WASHINGTON, DC - FEBRUARY 9: Congressional aids unpack boxes of the President's Fiscal Year 2017 Budget to the House Budget Committee Room in the Cannon House Office
Building on February 9, 2016 in Washington, D.C. (Photo: Gabriella Demczuk/Getty Images, 2016 Getty Images)
WASHINGTON — President Obama's $4.1 trillion budget proposal to Congress combines ambitious election-year proposals unlikely to be passed by a Republican Congress with more achievable proposals for cancer research, drug treatment and cybersecurity.
"This budget is not about looking back at the road we have traveled. It is about looking forward. It is about making sure our economy works for everybody, not just those at the top," Obama said in an accompanying message to Congress. "The budget is a roadmap to a future that embodies America’s values and aspirations: a future of opportunity and security for all of our families; a rising standard of living; and a sustainable, peaceful planet for our kids."
But that vision will come at a cost. Budget deficits will grow to 2.8% of the economy, with a cumulative effect of increasing the national debt from $19 trillion to $27.4 trillion over the next decade, according to the Office of Management and Budget.
And although the Obama administration expects the debt to remain relatively stable as a share of the economy, that projection is based on a set of assumptions: The economy will continue to grow by about 2.5% over the next decade. Congress will enact a $10-a-barrel tax on fuel oil, raising $319 billion over 10 years. Congress will pass immigration reform, resulting in another $170 billion in new revenue over the next decade. And off-budget war spending will decrease by $636 billion through 2026.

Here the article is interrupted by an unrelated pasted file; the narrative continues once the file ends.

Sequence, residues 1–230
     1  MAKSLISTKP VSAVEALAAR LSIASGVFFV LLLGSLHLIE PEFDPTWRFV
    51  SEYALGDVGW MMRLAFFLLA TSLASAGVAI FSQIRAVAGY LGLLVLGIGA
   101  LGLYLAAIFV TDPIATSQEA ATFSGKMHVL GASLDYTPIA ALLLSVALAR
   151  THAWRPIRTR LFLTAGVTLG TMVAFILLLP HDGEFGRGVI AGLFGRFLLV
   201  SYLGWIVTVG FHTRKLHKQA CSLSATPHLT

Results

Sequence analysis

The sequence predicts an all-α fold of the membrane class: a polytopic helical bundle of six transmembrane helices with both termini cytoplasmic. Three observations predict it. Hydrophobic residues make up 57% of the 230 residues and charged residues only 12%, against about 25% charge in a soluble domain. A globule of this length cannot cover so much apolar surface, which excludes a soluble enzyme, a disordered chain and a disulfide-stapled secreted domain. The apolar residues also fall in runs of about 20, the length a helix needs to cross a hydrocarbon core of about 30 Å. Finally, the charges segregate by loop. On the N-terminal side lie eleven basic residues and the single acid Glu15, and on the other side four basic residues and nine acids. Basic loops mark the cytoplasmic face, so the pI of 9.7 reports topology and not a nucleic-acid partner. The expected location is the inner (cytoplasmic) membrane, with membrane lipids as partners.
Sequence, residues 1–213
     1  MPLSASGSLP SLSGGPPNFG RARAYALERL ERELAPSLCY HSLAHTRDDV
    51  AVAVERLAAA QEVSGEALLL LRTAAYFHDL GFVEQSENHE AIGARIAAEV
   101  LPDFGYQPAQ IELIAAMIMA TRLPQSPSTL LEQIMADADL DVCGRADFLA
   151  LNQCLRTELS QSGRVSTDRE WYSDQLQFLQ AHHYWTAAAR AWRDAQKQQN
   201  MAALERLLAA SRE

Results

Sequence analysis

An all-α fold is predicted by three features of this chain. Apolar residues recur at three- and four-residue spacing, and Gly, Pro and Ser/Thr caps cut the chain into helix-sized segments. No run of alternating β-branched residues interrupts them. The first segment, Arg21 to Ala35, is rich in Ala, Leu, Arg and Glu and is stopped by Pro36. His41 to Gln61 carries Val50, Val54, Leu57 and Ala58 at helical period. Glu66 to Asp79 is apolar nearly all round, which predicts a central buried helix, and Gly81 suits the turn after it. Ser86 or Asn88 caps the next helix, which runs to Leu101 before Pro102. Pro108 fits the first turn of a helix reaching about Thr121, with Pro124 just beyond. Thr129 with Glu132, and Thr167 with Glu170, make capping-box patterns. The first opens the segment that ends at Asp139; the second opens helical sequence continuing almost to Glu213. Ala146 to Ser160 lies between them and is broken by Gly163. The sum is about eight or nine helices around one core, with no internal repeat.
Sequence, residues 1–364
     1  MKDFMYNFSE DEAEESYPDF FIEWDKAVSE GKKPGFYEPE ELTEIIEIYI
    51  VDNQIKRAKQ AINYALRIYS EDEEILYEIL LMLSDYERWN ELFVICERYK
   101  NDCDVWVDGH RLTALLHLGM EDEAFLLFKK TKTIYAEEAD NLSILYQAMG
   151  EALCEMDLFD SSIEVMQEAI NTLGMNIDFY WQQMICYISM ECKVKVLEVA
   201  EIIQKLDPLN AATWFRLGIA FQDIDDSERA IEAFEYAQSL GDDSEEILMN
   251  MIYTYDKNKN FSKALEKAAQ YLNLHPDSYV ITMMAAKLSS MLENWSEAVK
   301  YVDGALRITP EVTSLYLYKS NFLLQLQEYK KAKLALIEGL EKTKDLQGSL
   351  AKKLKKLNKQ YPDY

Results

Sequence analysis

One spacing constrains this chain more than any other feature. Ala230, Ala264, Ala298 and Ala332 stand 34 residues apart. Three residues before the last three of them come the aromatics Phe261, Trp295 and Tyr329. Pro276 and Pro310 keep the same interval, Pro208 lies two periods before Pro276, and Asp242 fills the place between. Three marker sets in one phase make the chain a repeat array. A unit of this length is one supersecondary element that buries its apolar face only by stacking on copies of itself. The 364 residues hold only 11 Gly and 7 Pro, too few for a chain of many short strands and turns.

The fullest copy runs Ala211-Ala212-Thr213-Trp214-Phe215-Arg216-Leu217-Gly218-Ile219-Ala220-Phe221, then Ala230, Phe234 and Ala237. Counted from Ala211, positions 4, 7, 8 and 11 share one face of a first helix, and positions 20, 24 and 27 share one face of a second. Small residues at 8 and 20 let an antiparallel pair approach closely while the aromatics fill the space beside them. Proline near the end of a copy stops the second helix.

“President Obama will leave office having never proposed a budget that balances — ever," House Speaker Paul Ryan, R-Wis., said in a statement released minutes after the budget became public. "This isn’t even a budget so much as it is a progressive manual for growing the federal government at the expense of hardworking Americans."
Many of the new policy proposals in the budget were already announced since Obama's State of the Union address last month. The budget will seek a largely budget-neutral upgrade of the unemployment insurance program, $1 billion for cancer research, $1.1 billion for prescription pain medication and heroin addiction treatment, a $10-a-barrel oil tax to pay for transportation improvements, a doubling of clean energy research funding, and $19 billion to shore up the government's cyber defenses.
The budget must still be approved by a Republican Congress in a year in which the GOP hopes to take back the White House so it can write its own budgets beginning with the 2018 fiscal year.
In a break from tradition, both the House and Senate budget committees have declined to invite Obama's budget director, Shaun Donovan, to testify about the president's proposals. White House Press Secretary Josh Earnest said it's unfortunate that congressional leaders lost the spirit of compromise that allowed them to finally pass a 2016 budget late last year.
"Part of me suspects that that might be because Republicans don’t relish the opportunity to have a discussion about budget priorities like this administration does," Earnest said Monday. "That may be an indication that they want to avoid some tough questions about their budget priorities, and they’re taking a page from Donald Trump’s playbook and ducking the tough questions."
Republicans have been most vocal in opposing Obama's energy tax and climate spending. But on some areas — an expanded tax credit for childless workers, cancer research and drug treatment — the White House is still optimistic about the prospects for a deal.